Growing up, one of the things my parents did exceptionally well was to keep promises. It didn’t matter whether that promise was picking my sister and me up from school on time or taking us to Europe for spring vacation. Moreover, “promise” is akin to a sacred word in my family. It is only offered when the person intends on following through. The only time I can even remember a broken promise in my family, occurred when I was 9-years-old, and my sister and I pleaded with my father to have a pond in our backyard. We moved from that home before the pond was built, but my dad exchanged the promise of a pond for a pool in our new house. I clearly remember the three of us agreeing that the promise had been fulfilled.
I wrote down all the promises I haven’t kept to myself and to others last night. The list included 15 items. Some were as small as not sending an e-mail and others were as significant as not completing my book. When I don’t do all that I say I will, no matter how minor, it nags at me and prevents me from completely enjoying the present moment. This is largely the reason, I articulate all I want to accomplish. In voicing my dreams, I am propelled to take action.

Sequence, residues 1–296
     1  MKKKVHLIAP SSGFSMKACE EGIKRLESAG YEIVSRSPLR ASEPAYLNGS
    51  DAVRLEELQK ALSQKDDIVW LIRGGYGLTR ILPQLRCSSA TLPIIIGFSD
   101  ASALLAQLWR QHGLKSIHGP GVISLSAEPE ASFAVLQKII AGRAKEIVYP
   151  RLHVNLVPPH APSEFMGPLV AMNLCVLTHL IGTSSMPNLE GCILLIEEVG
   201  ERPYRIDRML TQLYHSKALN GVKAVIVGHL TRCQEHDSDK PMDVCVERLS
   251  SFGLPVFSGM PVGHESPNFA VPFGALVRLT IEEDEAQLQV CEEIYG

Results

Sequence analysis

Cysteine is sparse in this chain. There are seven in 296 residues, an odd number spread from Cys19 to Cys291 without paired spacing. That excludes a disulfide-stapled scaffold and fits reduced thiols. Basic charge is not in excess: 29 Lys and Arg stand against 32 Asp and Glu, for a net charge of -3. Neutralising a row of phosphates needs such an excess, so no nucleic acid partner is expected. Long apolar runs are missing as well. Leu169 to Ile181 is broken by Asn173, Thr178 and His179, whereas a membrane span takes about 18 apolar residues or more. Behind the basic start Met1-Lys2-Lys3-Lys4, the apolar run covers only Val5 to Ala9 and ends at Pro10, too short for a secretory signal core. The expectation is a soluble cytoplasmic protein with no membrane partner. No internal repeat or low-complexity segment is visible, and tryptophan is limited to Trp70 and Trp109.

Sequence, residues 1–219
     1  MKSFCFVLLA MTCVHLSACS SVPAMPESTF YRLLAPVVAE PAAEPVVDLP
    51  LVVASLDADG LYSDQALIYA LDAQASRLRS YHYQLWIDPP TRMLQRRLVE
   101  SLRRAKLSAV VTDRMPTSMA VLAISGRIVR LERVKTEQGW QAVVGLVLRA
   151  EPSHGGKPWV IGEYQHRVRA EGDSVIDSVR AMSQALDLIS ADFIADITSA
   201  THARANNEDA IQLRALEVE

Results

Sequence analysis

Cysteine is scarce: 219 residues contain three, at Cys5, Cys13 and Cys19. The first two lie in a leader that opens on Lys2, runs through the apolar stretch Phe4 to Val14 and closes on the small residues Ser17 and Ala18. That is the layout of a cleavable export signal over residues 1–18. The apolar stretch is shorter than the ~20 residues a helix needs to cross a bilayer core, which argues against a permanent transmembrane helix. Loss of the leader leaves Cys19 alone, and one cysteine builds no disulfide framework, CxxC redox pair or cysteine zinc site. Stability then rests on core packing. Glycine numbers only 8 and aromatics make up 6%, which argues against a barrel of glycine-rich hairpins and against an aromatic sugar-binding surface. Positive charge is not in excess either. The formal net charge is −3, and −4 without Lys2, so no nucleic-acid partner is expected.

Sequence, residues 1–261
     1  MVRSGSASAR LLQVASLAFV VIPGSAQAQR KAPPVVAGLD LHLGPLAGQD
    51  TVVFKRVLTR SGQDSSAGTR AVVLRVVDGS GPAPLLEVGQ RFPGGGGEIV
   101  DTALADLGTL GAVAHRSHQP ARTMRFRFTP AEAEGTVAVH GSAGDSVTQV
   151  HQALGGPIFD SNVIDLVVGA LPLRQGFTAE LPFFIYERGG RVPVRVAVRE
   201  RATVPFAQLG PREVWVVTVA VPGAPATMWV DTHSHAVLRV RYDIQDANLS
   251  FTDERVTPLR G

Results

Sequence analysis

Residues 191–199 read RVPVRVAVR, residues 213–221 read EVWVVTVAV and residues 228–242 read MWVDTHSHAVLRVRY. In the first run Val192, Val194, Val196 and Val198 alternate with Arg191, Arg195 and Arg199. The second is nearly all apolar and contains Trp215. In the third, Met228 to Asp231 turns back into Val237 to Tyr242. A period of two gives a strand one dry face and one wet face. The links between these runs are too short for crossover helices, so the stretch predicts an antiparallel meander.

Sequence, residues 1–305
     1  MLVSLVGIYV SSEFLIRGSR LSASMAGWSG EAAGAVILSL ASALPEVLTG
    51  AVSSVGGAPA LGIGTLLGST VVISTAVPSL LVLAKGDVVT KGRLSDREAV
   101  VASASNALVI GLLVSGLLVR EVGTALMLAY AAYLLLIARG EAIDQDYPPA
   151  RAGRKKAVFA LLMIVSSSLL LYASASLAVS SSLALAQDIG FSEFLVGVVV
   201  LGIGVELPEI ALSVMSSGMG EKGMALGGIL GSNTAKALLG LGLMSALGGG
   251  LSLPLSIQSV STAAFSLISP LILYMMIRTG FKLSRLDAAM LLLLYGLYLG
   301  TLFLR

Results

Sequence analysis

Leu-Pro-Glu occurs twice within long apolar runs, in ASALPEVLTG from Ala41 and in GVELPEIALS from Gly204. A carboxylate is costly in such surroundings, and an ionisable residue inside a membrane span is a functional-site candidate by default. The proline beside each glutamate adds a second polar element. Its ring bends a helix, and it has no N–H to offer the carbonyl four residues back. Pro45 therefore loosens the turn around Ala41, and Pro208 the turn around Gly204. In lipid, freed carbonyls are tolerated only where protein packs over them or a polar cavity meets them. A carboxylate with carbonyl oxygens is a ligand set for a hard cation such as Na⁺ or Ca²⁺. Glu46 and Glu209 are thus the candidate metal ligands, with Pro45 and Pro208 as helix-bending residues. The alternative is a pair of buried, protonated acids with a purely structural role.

By May 12, 2010, I promise to fulfill all my unkept promises. I already crossed three off my list this morning. The three most important on my list are promises to myself: to complete the manuscript for my book, to submit my writing to various publications, and to try out for a play.
What are you willing to promise?
- promise (n.)
- (as defined by etymology.com)
- c.1400, from L. promissum “a promise,” noun use of neuter pp. of promittere “send forth, foretell, promise,” from pro- “before” + mittere “to put, send” (see mission). Ground sense is “declaration made about the future, about some act to be done or not done.” The verb is attested from c.1420. Promised land (1538) is a ref. to the land of Canaan promised to Abraham and his progeny (Heb. xi.9, etc.; Gk. ten ges tes epangelias). Promising “showing signs of future excellence” is from 1601.